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Louisa Gothard
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T v K and others [2016] EWHC 2963 (Fam)
Date:30 NOV 2016
Third slide
Law Reporter

(Family Division, Russell J, 23 November 2016)

Public law children – Adoption – Egyptian child abandoned– British applicant brought child to UK – Egyptian authorities opposed to UK adoption

An adoption order was made in respect of the 6-year-old Egyptian child who had been abandoned at birth.

The now 6-year-old child was born in Egypt to unknown parents and was abandoned as a baby. The applicant was a British national working in Egypt at the time. A local orphanage placed the child with the applicant and her Egyptian husband. She had remained in her care ever since. The child was granted entry clearance to visit the UK but due to a number of factors including political instability and civil unrest in Egypt they had not returned.

The applicant applied for a British passport for the child and had notified the local authority of her presence. The relationship between the applicant and her husband broke down and he resumed a relationship with his previous wife who it appeared he remained married to. The local authority reports were positive about the applicant’s care of the child. She was reportedly well settled and attached to the applicant who was the only mother she had ever known.

The applicant applied for an adoption order, or alternatively, a residence order. The husband was opposed to the child remaining in the UK although he had no contact with her. The Egyptian authorities were granted permission to intervene and objected to an Egyptian child being adopted in the UK. Both the husband and the Egyptian authorities submitted that she should return to Egypt.

The proposition that the mother and child should return to Egypt was unrealistic. It would leave them stranded without support, accommodation or any financial provision in what was to both of them, in essence, an alien land. The advantages were illusory, for although the child would return to her country, culture, religion and heritage of birth and would remain in the care of her psychological mother and primary carer their situation would be so precarious as to undermine any such advantages. For her to return to Egypt and placed with alternative carers would have numerous disadvantages and involve a substantial risk to her long-term psychological welfare that would more likely than not lead to significant harm.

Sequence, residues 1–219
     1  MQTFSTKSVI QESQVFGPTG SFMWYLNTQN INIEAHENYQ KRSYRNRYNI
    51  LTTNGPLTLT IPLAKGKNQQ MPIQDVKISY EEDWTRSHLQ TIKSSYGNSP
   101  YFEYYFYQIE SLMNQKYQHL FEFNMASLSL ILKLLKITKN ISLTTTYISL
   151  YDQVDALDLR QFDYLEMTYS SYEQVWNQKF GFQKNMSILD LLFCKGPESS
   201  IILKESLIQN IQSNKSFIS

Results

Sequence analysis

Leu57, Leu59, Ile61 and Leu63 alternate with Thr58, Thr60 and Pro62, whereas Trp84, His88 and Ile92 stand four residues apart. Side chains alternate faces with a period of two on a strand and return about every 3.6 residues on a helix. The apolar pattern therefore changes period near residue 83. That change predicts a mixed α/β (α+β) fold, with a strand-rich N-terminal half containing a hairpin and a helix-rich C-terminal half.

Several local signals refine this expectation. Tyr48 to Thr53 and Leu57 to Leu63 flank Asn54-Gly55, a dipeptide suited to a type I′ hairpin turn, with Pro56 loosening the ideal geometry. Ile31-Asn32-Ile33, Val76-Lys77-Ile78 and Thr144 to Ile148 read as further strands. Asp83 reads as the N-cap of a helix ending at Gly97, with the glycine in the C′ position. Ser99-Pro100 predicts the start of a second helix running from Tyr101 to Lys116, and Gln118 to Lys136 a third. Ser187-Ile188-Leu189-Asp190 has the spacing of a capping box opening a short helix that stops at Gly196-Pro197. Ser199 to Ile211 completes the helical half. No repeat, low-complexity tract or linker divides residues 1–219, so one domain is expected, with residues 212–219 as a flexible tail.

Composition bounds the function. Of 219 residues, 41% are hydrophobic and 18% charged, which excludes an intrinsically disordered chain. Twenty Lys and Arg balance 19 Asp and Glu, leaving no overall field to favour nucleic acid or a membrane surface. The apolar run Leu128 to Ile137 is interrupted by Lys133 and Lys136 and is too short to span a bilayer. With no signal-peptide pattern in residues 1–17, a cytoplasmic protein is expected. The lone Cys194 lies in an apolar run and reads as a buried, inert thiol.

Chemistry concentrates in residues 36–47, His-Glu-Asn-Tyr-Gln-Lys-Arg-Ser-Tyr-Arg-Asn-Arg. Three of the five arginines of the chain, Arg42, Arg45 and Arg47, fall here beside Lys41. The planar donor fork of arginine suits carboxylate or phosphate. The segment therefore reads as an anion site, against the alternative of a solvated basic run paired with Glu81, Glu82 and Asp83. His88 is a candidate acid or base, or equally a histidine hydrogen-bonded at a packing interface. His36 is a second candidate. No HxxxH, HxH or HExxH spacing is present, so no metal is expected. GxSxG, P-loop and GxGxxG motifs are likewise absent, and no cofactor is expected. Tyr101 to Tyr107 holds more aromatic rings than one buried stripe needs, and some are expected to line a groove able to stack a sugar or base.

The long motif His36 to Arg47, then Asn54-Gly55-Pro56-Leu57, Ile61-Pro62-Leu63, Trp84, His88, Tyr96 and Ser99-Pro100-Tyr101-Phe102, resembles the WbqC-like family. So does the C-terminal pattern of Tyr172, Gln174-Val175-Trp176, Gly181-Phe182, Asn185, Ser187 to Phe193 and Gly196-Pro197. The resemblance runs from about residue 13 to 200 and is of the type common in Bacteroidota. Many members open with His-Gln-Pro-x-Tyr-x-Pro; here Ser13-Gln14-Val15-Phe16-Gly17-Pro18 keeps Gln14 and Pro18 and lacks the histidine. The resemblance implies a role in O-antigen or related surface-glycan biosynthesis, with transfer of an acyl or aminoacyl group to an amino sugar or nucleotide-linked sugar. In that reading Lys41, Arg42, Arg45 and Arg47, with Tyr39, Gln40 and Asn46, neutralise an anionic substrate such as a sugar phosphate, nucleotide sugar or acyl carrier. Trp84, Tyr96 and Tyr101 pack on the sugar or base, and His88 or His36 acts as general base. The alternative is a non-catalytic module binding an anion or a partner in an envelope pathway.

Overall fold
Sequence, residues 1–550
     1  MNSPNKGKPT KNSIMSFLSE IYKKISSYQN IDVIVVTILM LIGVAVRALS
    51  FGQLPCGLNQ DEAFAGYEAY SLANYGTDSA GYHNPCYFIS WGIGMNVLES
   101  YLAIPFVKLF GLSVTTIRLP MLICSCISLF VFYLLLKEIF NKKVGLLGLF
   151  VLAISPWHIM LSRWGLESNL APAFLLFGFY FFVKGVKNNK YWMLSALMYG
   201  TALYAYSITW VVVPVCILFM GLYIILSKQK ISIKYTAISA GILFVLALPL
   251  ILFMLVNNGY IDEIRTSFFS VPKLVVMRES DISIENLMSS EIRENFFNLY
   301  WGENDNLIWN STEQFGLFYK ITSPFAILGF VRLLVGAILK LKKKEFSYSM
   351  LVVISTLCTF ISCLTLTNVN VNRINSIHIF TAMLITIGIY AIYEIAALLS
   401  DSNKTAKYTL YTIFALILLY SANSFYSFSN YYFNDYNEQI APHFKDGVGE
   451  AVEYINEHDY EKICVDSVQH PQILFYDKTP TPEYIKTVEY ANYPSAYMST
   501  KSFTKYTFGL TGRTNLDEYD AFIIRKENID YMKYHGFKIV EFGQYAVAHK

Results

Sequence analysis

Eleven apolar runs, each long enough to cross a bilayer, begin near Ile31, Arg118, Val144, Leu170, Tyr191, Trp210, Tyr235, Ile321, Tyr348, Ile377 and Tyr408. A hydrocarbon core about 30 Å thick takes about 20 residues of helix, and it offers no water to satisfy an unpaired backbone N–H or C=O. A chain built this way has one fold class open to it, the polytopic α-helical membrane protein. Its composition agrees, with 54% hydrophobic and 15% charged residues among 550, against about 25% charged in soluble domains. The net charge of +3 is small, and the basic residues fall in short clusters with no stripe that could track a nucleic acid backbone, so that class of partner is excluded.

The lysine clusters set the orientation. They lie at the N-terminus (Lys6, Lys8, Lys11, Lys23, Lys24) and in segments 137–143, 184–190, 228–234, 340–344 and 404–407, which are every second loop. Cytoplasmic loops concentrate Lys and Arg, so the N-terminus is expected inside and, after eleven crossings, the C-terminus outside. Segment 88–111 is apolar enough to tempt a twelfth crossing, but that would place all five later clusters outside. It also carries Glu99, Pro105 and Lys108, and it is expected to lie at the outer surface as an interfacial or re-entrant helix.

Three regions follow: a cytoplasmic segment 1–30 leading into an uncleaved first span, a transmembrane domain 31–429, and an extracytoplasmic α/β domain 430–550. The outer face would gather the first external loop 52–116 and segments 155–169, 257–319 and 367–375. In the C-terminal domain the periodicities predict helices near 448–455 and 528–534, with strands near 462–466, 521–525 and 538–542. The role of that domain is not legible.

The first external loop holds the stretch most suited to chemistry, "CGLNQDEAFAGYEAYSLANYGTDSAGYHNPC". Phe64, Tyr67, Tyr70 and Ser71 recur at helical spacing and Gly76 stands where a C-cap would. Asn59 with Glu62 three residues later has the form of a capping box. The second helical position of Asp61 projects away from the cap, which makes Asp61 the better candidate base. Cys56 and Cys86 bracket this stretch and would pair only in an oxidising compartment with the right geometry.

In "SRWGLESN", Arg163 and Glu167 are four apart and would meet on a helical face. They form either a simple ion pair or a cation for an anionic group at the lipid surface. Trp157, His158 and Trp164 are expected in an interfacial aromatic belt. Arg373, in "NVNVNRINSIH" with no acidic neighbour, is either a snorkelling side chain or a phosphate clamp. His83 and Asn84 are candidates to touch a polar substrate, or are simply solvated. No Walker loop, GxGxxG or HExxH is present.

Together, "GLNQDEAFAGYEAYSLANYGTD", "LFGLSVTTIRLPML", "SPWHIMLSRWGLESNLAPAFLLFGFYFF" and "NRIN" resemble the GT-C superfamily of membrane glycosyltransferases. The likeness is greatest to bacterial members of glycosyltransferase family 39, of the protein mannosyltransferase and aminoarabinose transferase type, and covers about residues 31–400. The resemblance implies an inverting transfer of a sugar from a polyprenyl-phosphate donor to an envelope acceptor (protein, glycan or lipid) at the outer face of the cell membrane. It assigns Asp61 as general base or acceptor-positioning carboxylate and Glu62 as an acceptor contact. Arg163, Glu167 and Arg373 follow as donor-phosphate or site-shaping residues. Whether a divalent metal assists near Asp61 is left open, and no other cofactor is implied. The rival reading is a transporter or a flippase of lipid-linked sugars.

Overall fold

An adoption order would provide far greater security than a child arrangements order. Applying the welfare checklist and taking into account the advantages and disadvantages it was in the child’s best interests throughout her life for an adoption order to be made.



This judgment was delivered in private. The judge has given leave for this version of the judgment to be published on condition that (irrespective of what is contained in the judgment) in any published version of the judgment the anonymity of the children and members of their family must be strictly preserved. All persons, including representatives of the media, must ensure that this condition is strictly complied with. Failure to do so will be a contempt of court.

Case No: LV173/13 & LV 14P 00401
Neutral Citation Number: [2016] EWHC 2963 (Fam)

IN THE HIGH COURT OF JUSTICE
FAMILY DIVISION
IN THE MATTER OF THE CHILDREN AND ADOPTION ACT 2002
IN THE MATTER OF THE CHILDREN ACT 1989
IN THE MATTER OF THE SENIOR COURTS ACT 1981
AND IN THE MATTER OF Z (A Child) (Believed to be born on 29th October 2010)

Royal Courts of Justice
Strand, London, WC2A 2LL


Date: 23/11/2016

Before:


MS JUSTICE RUSSELL


- - - - - - - - - - - - - - - - - - - - -


Between:


T
Applicant


and


K
1st Respondent 


and


Z
2nd Respondent


and


Liverpool City Council
3rd Respondent


and


The Egyptian Ministry of Social Solidarity
4th Respondent


- - - - - - - - - - - - - - - - - - - - -
- - - - - - - - - - - - - - - - - - - - -


Ms Frances Heaton QC and Ms Kate Burnell (instructed by Morecrofts Solicitors) for the Applicant (T)
The 1st Respondent (K-in person by telephone)
Mr Karl Rowley QC (instructed by Susan Howarth & Company) for the 2nd Respondent (Z-the child)
Mr Clive Baker (instructed by LCC) for the 3rd Respondent (Local Authority)
Mr Henry Setright QC and Mr Michael Gration (instructed by Bindmans Solicitors) for the 4th Respondent (Egyptian Ministry of Social Solidarity)




Hearing dates: 30TH AUGUST TO 8TH SEPTEMBER 2016


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Judgment

T v K and others [2016] EWHC 2963 (Fam).rtf
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